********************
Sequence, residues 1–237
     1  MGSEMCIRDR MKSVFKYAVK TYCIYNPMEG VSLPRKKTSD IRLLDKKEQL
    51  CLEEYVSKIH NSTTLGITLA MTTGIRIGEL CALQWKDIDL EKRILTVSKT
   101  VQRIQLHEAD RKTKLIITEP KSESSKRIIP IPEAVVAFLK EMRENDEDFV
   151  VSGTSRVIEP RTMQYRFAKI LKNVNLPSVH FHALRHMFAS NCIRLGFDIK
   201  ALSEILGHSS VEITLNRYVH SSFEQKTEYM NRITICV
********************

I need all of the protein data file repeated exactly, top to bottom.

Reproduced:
Sequence, residues 1–237
     1  MGSEMCIRDR MKSVFKYAVK TYCIYNPMEG VSLPRKKTSD IRLLDKKEQL
    51  CLEEYVSKIH NSTTLGITLA MTTGIRIGEL CALQWKDIDL EKRILTVSKT
   101  VQRIQLHEAD RKTKLIITEP KSESSKRIIP IPEAVVAFLK EMRENDEDFV
   151  VSGTSRVIEP RTMQYRFAKI LKNVNLPSVH FHALRHMFAS NCIRLGFDIK
   201  ALSEILGHSS VEITLNRYVH SSFEQKTEYM NRITICV